Evidence Review

•ƒƒ Based on moderate to high quality evidence, exposure to a decision aid for a treatment or screening decision is consistently associated with improved knowledge, risk perception, and reduced decisional conflict for participants.
•ƒƒ The use of decision support tools is also associated more patient-controlled and less provider-controlled decision making.

Many of the decisions faced by patients and clinicians are complicated by equivalent options, each with its own harms and benefits that will vary in importance by individual values and preferences. Patient decision support tools strive to aid people in making high-quality decisions in the face of uncertainty; facilitating shared decision making conversations to supplement patient-provider consultations.

Shared decision making braids evidence-based medicine and patient-centered communication together, helping patients and providers reach a decision when facing equivalent options (Hoffmann, Montori, & Del Mar, 2014).

Decision aids are “evidence-based tools designed to help patients to participate in making specific and deliberated choices among health care options” (Stacey et al., 2014). Formats include handheld pamphlets, booklets, videos and web-based aids used during the consultation or provided before or after the visit.
The three core components to shared decision making include (Legare & Witteman, 2013):

  • Explicit acknowledgement of the decision to be made and the available options
  • Presenting the evidence for potential harms and benefits of each option
  • Blending the patient’s values and preferences with the providers guidance to ultimately make a high quality decision

Implementing decision aids in practice can be fraught with challenges. Providers, clinics, and health systems can address these issues to most effectively implement robust patient decision support.

Evidence on Patient Decision Support Tools

The Cochrane Collaboration published the first systematic review of patient decision aids and their effects in 1999. At that time they identified 17 eligible trials. In the latest Cochrane review from January 2014, including publications though June 2012, the eligible trials blossomed to 115 and included over 34,000 participants (Stacey et al., 2014). Their work provides a systematic review and meta-analysis on the impact of decision aids for patients facing treatment or screening decisions. The primary outcomes studied are patient-centered attributes of the choice-made and decision making process for decision aid recipients compared to usual care.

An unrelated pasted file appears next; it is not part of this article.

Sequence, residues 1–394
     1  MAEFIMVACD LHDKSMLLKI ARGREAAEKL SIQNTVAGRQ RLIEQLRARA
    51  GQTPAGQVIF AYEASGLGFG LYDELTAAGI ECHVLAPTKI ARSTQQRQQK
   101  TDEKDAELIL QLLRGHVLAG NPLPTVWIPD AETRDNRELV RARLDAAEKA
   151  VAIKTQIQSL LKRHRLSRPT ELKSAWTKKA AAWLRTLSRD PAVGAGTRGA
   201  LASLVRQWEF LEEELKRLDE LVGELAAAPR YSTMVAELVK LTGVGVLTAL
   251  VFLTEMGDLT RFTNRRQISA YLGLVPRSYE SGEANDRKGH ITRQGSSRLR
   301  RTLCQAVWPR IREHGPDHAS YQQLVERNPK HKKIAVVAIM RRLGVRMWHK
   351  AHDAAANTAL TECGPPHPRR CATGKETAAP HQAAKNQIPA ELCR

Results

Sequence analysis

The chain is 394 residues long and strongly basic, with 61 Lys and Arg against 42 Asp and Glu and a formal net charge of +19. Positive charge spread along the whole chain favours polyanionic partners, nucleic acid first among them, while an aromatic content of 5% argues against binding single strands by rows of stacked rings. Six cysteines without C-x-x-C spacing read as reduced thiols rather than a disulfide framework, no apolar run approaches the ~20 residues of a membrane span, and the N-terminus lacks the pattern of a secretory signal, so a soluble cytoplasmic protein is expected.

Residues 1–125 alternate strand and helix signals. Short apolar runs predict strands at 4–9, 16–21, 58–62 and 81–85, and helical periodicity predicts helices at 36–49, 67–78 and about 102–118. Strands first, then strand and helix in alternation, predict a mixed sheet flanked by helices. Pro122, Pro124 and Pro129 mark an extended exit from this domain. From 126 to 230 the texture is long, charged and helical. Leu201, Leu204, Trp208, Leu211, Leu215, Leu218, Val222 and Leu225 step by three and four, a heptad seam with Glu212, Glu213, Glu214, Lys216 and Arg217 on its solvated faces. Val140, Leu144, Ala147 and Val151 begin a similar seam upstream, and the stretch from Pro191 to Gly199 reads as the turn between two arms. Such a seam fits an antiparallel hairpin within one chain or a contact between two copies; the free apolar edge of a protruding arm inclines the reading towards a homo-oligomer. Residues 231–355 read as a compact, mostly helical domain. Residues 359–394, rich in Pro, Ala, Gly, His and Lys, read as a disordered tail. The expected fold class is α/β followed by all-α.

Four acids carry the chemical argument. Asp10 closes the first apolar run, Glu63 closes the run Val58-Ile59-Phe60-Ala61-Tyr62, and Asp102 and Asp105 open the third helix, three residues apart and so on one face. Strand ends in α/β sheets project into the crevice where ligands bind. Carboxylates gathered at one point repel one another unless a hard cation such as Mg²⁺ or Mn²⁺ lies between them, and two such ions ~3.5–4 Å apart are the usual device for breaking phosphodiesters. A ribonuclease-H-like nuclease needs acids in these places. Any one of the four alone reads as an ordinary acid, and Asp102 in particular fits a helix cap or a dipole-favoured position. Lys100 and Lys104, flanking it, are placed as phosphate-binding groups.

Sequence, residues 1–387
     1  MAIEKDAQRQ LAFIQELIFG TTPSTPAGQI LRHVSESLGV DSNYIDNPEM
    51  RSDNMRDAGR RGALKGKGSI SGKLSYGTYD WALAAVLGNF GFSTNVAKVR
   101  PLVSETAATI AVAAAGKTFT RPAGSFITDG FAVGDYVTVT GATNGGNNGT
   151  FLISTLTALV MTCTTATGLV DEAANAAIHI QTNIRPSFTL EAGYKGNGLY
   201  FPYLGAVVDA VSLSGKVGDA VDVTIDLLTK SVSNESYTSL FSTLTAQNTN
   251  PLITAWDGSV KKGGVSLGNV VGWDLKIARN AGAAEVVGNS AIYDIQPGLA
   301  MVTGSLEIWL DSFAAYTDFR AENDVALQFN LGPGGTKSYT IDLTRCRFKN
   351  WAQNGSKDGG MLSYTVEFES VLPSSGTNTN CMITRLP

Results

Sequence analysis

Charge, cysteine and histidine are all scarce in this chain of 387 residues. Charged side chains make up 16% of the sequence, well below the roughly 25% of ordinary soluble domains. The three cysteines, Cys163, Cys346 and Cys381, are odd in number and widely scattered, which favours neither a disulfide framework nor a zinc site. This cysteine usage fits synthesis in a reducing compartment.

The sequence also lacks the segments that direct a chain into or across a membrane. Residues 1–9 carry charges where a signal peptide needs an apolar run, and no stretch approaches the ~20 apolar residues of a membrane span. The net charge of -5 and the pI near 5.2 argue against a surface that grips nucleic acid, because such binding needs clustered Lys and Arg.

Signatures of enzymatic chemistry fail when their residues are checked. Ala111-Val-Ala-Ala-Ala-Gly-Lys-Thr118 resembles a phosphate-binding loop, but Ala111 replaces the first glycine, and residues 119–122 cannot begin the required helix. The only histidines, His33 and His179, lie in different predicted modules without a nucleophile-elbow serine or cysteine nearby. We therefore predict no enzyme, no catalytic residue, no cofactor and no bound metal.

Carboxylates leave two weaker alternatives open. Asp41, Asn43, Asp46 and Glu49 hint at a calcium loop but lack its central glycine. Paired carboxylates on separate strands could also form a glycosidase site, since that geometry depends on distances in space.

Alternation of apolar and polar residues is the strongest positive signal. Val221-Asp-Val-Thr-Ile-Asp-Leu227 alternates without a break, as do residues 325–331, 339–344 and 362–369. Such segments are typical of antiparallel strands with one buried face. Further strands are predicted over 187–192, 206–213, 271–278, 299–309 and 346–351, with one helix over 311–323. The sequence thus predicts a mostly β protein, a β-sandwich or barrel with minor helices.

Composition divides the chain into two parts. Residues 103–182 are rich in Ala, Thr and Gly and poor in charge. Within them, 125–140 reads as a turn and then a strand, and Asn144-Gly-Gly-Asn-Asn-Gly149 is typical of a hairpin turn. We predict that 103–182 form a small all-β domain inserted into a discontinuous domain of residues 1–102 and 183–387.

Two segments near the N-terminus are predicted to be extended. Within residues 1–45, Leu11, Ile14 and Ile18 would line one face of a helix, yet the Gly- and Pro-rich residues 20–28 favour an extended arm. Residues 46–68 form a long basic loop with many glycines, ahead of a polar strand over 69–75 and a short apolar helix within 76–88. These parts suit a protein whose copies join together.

Based on moderate to high quality evidence, exposure to a decision aid for a treatment or screening decision is consistently associated with improved knowledge, risk perception, and reduced decisional conflict for participants. The use of decision support tools is also associated more patient-controlled and less provider-controlled decision making. In trials that observed the length of consultation the median increase in visit time was 2.5 minutes for those with decision aid involvement (range: 8 minutes shorter to 23 minutes longer). Notably, the trials in the Cochrane review do not find consistent evidence on patient choices, adherence, or costs (Stacey et al., 2014).

Table 1 provides the primary outcome, estimate of comparative benefit (e.g. mean difference)
or relative effective (e.g. relative risk), and the quality of the evidence. The quality of the
evidence was assessed using the Grading of Recommendations Assessment, Development and
Evaluation (GRADE) framework (GRADE Working Group, n.d.).

In the past decade, publications on shared decision making and decision support interventions
grew exponentially (Blanc et al., 2014). Recent additional systematic reviews on decision
aid effectiveness include sub-analysis of the original Cochrane review trials evaluating
heterogeneity of effects, investigations on the role of gender in the patient-provider dyad, and
narrowing the focus to decision aids in certain fields (e.g. cancer screening or treatment).
In their 2013 sub-analysis of the Cochrane review, Gentles and colleagues found participants
with lower baseline knowledge of risks and outcomes demonstrated greater gains from the use
of a decision aid than those with high baseline knowledge (Gentles, Stacey, Bennett, Alshurafa,
& Walter, 2013).

Wyatt and colleagues investigation into the role of gender dyads (i.e. gender of patient and